Renewed effort to track wanted parolees nets four arrests in first few days
$495k allocated to parolee tracking plan
Last Updated: 238 days ago
DENVER - Four wanted parole violators have been rounded up in the last few days as part of a renewed effort following the murders allegedly committed by Evan Ebel.
At the end of March, the Department of Corrections reported 667 absconders out of 9,490 Colorado parolees.
7NEWS obtained information about 29 of those absconders, who all have alleged gang affiliations. They were among the fugitives sought by the Department of Corrections during a series of investigations between Saturday and Wednesday.
-- View a slideshow of 25 wanted absconders with alleged gang affiliations: http://ch7ne.ws/ZO2Kg2
According to the DOC, four of the absconders were found and arrested during the roundup: Geoffrey Sheehan, Richard Ruiz, Ronnie Lavato and James Ortega.
The roundup is an operation the DOC has done before, but it was done with renewed fervor after the March murder of DOC chief Tom Clements. The parolee suspected of killing him was Evan Ebel, an alleged member of a white supremacist gang called the 211 Crew.
Ebel set off a tamper alarm from his electronic monitoring anklet on March 14, about three days before he allegedly murdered a part-time pizza delivery man. Two days after that, Ebel allegedly rang the doorbell at Clements' home and shot him to death in the entryway.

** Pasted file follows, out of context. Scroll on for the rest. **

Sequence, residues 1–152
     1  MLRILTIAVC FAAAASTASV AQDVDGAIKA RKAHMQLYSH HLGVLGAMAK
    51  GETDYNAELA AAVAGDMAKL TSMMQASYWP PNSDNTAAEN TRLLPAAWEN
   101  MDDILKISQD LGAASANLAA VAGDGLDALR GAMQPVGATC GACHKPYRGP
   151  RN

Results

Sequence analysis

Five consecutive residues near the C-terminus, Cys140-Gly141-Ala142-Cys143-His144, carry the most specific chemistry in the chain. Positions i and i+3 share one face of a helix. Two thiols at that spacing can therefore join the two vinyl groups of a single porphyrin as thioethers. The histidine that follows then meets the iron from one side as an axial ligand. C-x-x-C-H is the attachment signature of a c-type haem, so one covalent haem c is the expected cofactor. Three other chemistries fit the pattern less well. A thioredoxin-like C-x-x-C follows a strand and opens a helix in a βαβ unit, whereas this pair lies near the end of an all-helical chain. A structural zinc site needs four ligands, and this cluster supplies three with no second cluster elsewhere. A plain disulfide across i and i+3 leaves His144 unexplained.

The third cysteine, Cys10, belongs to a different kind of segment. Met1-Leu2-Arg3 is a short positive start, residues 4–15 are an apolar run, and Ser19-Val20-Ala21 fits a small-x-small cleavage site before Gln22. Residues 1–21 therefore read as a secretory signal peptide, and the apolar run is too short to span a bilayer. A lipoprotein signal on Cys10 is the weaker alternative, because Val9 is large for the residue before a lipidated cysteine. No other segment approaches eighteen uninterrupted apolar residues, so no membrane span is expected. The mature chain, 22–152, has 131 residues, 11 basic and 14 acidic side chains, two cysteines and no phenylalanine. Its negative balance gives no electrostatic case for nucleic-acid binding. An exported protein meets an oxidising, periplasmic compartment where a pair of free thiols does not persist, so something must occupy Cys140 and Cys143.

An arrest warrant for Ebel wasn't issued until the March 20, one day after Clements was killed.
Ebel was fatally shot during a gunfight with law enforcement in Texas the next day.
A new mandate requires officers to start reacting to electronic monitor alarms after two hours.
"It wouldn't necessarily have made a difference in locating Mr. Ebel," said Parole Officer Melissa Gallardo. "What we would typically find if we respond in that timeframe is an ankle bracelet cut off."
The team that would be sent to an alarm would involve several officers wearing bullet-proof vests and non-lethal weapons, much like the team involved in the recent roundup.
"Eventually they run out of places to hide," said Parole Officer Aaron Anderson.
Although 7NEWS was allowed to witness some of the operations and obtained exclusive video of the arrest of Geoffrey Sheehan Wednesday, we were explicitly told none of the investigations we were allowed to witness involved alleged members of the 211 Crew.
Also Wednesday, state lawmakers approved $495,000 for a plan to increase efforts to monitor parolees and respond to problems with their electronic monitoring equipment.
The department already has the funds but needed permission from lawmakers to use it in next year's budget.
The extra efforts will start immediately and include the monthly fugitive roundups.
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